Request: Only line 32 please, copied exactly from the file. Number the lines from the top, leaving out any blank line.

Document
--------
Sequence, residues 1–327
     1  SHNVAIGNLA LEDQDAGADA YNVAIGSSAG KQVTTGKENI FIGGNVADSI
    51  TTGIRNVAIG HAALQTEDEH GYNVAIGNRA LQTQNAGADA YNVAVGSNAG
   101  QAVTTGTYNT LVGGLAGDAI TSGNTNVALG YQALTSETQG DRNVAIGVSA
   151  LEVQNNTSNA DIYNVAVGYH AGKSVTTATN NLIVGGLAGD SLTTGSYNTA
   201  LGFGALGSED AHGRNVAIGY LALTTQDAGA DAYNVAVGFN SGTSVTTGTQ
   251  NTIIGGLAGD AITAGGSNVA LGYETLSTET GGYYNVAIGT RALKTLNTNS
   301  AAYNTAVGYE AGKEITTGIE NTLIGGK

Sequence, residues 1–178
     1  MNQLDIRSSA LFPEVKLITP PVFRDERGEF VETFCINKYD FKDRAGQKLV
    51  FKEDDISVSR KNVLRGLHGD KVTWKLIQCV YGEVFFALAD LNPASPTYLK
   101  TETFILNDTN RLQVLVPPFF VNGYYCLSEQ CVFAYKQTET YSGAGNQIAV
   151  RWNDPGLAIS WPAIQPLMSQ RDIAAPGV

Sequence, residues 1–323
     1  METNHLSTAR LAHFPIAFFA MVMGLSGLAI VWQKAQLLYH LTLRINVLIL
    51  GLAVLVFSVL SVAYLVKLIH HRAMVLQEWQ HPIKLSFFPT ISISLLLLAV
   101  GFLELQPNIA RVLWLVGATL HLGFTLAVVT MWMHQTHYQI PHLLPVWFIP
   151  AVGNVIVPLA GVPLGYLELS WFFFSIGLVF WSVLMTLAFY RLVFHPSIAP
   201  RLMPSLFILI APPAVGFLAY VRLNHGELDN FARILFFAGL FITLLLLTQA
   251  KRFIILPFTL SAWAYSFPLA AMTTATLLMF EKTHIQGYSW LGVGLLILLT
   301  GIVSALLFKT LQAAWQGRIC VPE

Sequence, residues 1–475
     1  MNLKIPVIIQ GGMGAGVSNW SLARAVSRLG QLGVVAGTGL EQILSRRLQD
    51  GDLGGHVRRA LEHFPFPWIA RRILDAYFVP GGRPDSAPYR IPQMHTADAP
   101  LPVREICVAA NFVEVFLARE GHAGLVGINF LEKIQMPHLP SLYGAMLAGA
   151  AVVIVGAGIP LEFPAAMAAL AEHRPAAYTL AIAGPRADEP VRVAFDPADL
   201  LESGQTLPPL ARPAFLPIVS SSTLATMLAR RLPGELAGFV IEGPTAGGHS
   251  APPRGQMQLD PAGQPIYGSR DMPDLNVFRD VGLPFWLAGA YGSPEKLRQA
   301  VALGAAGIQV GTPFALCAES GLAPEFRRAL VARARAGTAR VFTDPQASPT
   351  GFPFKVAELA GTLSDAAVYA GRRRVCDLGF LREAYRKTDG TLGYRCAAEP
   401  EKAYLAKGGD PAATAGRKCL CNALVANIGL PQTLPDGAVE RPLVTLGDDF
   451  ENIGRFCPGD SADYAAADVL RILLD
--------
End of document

   451  ENIGRFCPGD SADYAAADVL RILLD